Within Papua New Guinea, a number of Lapita sites contain preserved micro- and macrobotanical remains of indigenous and introduced taxa. Two sites are water-logged and anaerobic conditions have preserved macrobotanical remains of fruits and nuts from a range of tree crops. Remains from a mid- to late-Holocene site on Arawe Island are identified as deriving from eight genera and six species including Aleurites sp., Cocos sp., Canarium sp., Cordia sp., Cycas circinalis, Dracontomelon sp., Pandanus spp., and Terminalia sp.(Mathews and Gosden 1997:124). Matthews and Gosden (1997) concede that the botanical remains could be the result of natural beach drift, but point out that the best evidence for human involvement is modification through extraction processes. Extraction can be seen from the fragmentation patterns of the Canarium sp.and Terminalia sp., and charring of the Cycas remains(1997:128). Clearly Canarium continued to play an important role as a food source throughout the Holocene, as further evidence of the exploitation of this genera was found at another water- logged site on Mussau Island (Kirch 1987, 1988, 1989). Over 5000 anaerobically preserved seeds and seed cases representing at last 19 taxa, including Canarium sp., were recovered from Mussau (Kirch 1988:337). These included coconut (Cocos nucifera), Tahitian chestnut (Inocarpus fagifer), Corynocarpus caribbeanus, Dracontomelon dao, vi apple (Spondias dulcis), Pometia pinnata, Pangium edule, and tropical almond (Terminalia catappa).
Additionally, a number of Pandanus spp.fruit segments were recovered from contemporaneous deposits and shell peelers and scrapers that were argued to indicate the preparation of starchy
24 tubers and corms such as those of Dioscorea and Colocasia (Kirch 1987:177, Kirch 1988:338). Kirch (1987, 1988, 1989) argued that this data represented the first direct evidence that Lapita communities cultivated a wide variety of tree crops that are still used today in Melanesia, indicating that Lapita culture possessed a full component of arboricultural species at 3200-2800 BP.
Gosden (1992:63) argues that the nature of almost identical plant remains from sites in the Arawe and Mussau Islands indicate that these archaeobotanical records are not representative of formative stages of agricultural development during the Lapita period, but instead suggest well-developed arboricultural systems. Therefore, the transition to vegeculture through integration of local and introduced root crop taxa within subsistence still needs to be pinpointed. More recently, Lentfer and Green (2004) analysed the microbotanical record at the Reber-Rakival Lapita site on Watom Island in PNG, with a focus on the phytolith assemblages from three contexts. The presence of both introduced Eumusa and native Australimusa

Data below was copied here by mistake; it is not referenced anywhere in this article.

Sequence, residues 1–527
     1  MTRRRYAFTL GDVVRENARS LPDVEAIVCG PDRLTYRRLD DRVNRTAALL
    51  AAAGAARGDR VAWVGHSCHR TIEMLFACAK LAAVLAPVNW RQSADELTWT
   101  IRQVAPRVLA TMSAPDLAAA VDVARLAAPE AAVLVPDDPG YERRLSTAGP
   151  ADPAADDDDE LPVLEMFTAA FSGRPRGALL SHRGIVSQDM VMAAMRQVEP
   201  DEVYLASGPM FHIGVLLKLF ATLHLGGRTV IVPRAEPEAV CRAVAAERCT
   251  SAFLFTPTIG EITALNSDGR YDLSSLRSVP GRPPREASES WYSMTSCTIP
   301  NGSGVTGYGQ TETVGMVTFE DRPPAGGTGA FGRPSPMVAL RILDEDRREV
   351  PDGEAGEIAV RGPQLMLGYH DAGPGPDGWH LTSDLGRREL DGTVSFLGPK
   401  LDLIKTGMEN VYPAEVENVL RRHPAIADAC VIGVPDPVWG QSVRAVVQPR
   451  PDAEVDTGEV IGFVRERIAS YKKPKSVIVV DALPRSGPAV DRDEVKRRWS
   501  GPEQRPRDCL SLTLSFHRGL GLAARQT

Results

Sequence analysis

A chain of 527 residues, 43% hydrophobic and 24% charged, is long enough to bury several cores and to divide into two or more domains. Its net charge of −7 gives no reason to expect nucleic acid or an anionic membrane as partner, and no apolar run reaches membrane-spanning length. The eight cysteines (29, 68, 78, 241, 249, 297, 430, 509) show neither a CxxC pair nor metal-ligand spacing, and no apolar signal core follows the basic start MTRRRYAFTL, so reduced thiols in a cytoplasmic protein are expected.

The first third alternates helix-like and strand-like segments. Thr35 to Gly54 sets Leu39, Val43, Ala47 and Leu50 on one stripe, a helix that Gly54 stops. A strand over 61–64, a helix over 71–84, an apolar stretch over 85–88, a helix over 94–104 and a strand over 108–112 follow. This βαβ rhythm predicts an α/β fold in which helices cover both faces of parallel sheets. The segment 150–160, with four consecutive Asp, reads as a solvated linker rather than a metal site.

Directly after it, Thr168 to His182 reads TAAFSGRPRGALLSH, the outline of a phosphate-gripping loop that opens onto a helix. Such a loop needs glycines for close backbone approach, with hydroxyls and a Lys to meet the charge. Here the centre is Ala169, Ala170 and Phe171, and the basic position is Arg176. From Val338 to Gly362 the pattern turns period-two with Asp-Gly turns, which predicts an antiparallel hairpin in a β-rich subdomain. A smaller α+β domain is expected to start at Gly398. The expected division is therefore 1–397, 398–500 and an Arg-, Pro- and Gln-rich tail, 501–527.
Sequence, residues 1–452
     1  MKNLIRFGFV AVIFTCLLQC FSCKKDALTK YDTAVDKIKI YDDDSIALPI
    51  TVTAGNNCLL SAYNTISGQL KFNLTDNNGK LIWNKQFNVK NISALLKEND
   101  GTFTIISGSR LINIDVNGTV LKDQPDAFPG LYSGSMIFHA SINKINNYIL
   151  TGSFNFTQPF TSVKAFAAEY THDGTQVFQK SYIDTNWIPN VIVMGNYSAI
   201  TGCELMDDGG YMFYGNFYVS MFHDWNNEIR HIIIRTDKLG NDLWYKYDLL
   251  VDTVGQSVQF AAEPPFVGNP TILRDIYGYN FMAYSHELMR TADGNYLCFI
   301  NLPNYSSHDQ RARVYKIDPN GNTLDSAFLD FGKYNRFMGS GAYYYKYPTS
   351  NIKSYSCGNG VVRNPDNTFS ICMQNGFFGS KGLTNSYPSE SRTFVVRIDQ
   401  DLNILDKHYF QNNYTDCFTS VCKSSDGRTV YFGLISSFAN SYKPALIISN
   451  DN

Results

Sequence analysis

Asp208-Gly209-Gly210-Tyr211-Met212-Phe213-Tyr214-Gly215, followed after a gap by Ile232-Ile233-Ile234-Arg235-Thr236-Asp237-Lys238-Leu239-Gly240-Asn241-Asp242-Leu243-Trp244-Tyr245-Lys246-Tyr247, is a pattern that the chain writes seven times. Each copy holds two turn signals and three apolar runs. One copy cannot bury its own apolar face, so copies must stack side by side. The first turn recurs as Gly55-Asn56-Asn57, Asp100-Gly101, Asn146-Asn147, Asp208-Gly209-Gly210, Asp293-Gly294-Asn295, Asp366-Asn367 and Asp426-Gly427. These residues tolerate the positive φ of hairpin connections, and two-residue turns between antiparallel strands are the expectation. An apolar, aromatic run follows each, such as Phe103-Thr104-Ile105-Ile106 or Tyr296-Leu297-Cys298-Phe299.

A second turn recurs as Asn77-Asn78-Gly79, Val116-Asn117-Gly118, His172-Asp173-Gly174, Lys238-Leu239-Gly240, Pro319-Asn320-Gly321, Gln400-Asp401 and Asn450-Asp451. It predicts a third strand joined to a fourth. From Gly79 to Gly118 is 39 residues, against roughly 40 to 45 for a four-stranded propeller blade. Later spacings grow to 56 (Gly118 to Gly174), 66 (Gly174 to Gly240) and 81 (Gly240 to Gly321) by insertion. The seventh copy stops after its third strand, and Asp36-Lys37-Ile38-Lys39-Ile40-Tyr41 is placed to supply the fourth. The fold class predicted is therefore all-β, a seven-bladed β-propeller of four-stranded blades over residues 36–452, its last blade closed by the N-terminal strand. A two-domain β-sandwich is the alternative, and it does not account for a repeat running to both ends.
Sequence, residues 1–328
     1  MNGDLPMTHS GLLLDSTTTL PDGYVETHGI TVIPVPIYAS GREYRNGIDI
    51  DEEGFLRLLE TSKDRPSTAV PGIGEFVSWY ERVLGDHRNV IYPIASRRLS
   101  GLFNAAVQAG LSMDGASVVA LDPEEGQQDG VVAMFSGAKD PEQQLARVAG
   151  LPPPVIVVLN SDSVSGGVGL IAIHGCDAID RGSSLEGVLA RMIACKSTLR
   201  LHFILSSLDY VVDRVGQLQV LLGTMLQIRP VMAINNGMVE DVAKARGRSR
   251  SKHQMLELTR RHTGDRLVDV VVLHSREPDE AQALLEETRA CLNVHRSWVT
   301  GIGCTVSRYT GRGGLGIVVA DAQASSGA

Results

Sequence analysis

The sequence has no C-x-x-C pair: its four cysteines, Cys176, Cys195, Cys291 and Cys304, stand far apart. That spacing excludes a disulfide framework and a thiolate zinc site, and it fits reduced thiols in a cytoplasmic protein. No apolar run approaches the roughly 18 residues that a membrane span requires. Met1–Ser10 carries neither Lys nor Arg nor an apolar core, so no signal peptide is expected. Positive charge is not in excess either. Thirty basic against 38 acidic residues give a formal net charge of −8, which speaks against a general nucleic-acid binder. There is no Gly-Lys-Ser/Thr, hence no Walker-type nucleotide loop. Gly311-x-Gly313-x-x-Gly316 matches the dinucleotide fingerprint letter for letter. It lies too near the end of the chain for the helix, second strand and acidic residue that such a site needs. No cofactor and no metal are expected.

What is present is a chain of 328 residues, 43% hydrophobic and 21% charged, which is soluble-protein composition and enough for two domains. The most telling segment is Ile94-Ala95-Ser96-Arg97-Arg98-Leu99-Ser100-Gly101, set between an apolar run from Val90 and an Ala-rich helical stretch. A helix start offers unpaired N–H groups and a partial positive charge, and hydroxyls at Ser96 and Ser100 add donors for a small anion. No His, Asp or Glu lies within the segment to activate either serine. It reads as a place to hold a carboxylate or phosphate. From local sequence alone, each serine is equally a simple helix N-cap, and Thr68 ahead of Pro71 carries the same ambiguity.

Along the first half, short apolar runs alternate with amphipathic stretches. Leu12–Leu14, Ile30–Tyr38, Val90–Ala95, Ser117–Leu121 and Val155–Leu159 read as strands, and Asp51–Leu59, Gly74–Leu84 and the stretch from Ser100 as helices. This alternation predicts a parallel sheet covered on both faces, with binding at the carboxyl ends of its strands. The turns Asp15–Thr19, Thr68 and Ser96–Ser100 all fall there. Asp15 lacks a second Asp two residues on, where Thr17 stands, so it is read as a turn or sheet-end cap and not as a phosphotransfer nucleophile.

morphotypes indicate that the Austronesians could have brought bananas with them, and possibly at this same stage used the newly encountered cultivars in conjunction with their own varieties, merging these two streams of banana domestication (Lentfer and Green 2004:85).
As Lapita populations expanded into Remote Oceania, further archaeobotanical evidence indicates the continued integration of roots, tubers and tree crops into colonizing subsistence regimes. In Vanuatu, microfossil evidence from the Lapita-associated sites of Teouma, Vao and Urupiv point to the cultivation of aroids such as Cyrtosperma merkusii, a range of yams including D. esculenta, D. nummularia and D. pentaphylla, and bananasby 3000 BP (Horrocks and Bedford 2004, 2010; Horrocks et al. 2009, 2014). It has been argued by numerous researchers that the brackish conditions in beach back-swamps near many early Lapita settlements would have enabled the initial cultivation of saline-resistant crops such as
Cyrtosperma prior to the establishment of more labour-intensive irrigation required for other aroids such as Colocasia or Alocasia (Kirch and Lepofsky 1993; Kirch and Yen 1982; Yen 1973a, 1993). Contained within this argument is the assumption that Lapita populations did not have intensive cultivation techniques, beyond an understanding that these aroids grow best in wet conditions. The late materialization of irrigation within island sequences can be seen to suggest that this technology was not transferred, but rather reinvented over generations or millennia (Kirch and Yen 1982:267). Others such as Spriggs (1990, 2002) instead suggest that the similarities between pond-field, island bed and taro pit wetland cultivation techniques across the Pacific indicate that these were not independent innovations, and therefore derived from prior knowledge and experience within founding populations. Moving east to Fiji, microbotanical data derived from Bourewa on Viti Levu (Horrocks and Nunn 2007) contained evidence for the starch, calcium oxylate crystals and xylem vessels of taro (Colocasia esculenta) and the lesser yam (Dioscorea esculenta) at 3000-2500BP. These identifications would
25 therefore appear to support Spriggs’ (1990, 2002) argument but additional work is required to further establish this link.
Micronesia: A different branch
Archaeobotanical research in Micronesia demonstrates the transfer and utilisation of crops east of Island Southeast Asia within the late Holocene. On Kosrae, Athens and others (1996) have collected both macrobotanical and microfossil data upon the antiquity of plant use within archaeological and palaeoecological sequences. Wood charcoal of breadfruit (Artocarpus spp.),